Update: 12:07 a.m., Thursday:

PG&E says it has restored power to 50,000 customers in the Sierra foothills.

High winds in Vacaville, blow over a car cover:

Update 12 a.m., Thursday

More than 40,000 Nevada County PG&E customers are in the dark Wednesday night. In the county seat, Nevada City councilmembers held their regular meeting but had to cut it short, since the generator powering the lights in the council chambers was running out of gas.

Afterward, some two dozen people gathered outside City Hall on Broad Street, which runs through the heart of Nevada City. The thoroughfare is lit by gas lamps, but everything else in the town was dark Wednesday night. The group was filled with people wearing colorful lights.

“We’re going to have a little light parade here and discussion about what’s been going on with PG&E and what looks to be an unnecessary power outage,” Nevada City Mayor Reinette Senum told ABC10.

“We’re pretty supportive, I’d have to say, with having a power outage during any catastrophic winds, but we’re not seeing this."

She said the full day without power has taken a “big economic hit for our community and I’m sure for a lot more communities in Northern California.”

Darby Palmer owns a building downtown, in which she houses her day spa business and an Airbnb rental unit. Both were impacted by the power outage.

“I had to cancel clients today. I had massages booked. And I have new Airbnb guests arriving tomorrow and the next day. They’re all here for weddings – two different wedding parties this weekend,” Palmer said, adding the PG&E shutoff “affects everything, it’s a whole domino effect.”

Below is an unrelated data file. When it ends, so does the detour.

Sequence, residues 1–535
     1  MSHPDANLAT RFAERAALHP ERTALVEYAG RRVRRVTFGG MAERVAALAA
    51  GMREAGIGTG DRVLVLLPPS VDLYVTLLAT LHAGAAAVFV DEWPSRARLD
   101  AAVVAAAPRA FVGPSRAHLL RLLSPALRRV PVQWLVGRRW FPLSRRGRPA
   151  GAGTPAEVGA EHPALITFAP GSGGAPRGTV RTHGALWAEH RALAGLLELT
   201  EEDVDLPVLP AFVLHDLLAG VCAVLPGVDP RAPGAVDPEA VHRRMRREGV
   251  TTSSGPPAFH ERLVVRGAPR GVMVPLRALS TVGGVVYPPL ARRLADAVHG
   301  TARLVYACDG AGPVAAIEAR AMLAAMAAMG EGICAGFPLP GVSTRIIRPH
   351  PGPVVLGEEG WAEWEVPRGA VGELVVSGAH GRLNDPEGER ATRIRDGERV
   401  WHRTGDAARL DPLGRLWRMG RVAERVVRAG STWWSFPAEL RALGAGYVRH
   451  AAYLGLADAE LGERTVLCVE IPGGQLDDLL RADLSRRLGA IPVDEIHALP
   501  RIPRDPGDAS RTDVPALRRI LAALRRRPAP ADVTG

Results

People at the gathering remarked how little wind Nevada City had seen all day.

“Maybe, the most, 5 miles-an-hour winds, and that was toward the late afternoon,” said Eric Struble, who lives in Nevada City with his family. “It is frustrating. I understand what they’re doing for other places and we have to be affected by it.”

“Because they can’t just shut down one spot,” Struble’s 11-year-old son Sawyer Brush chimed in.

“I wish they could,” Struble responded. “I don’t want to sit in five days in a house, trying to figure things to do in the dark.”

Mayor Senum said people in her city – and other communities throughout California – are sick of PG&E monopolizing power and being electric customers’ only choice.

“We’re up in arms about this,” Senum said. “This is not the way to treat consumers and citizens of California.”

Update 11 p.m.

PG&E continues implementing its Public Safety Power Shutoff.

The utility is considering a third phase of outages, which would include portions of Kern County, according to a press release from PG&E. Nearly 4,000 customers would be affected. It was once predicted that 43,000 customers would lose power. But due to changing weather conditions, fewer customers would be impacted.

The second phase of the power shutoffs began Wednesday afternoon. PG&E said about 234,000 customers will be impacted during this phase in the following counties: Alameda, Alpine, Contra Costa, Mariposa, San Joaquin, San Mateo, Santa Clara, Santa Cruz, Stanislaus, and Tuolumne. Outages are expected to happen in two waves, with the East Bay, South Bay and Santa Cruz counties being impacted later tonight.  

“We understand that this power shutoff is difficult for our customers and communities. Please check on your neighbors, friends and family and know that we will work safely, and quickly as possible, to restore power across the region,” said Sumeet Singh, vice president, PG&E Community Wildfire Safety Program.

Power was restored for approximately 50,000 customers in the Sierra Foothills since the shutoff began, PG&E said. The utility may be able to restore power to 60,000 to 80,000 customers in Humboldt County Wednesday night or early Thursday morning.

Update 10 p.m.

PG&E has delayed shutting off power to the San Francisco Bay area because expected dangerous, gusty winds haven't yet materialized.